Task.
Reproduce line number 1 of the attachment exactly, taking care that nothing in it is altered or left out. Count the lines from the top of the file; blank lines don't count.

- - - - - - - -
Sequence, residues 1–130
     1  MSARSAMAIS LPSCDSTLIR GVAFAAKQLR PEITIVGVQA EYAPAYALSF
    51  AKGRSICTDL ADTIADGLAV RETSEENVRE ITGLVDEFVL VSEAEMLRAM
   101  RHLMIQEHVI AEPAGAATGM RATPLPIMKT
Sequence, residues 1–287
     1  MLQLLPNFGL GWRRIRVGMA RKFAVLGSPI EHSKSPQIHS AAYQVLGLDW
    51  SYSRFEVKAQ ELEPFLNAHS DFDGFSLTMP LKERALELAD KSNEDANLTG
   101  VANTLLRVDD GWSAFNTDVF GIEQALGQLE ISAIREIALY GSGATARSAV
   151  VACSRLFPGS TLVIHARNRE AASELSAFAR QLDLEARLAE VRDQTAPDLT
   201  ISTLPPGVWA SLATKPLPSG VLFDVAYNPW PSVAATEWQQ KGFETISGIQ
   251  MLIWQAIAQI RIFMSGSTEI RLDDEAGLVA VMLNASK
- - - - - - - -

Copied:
Sequence, residues 1–130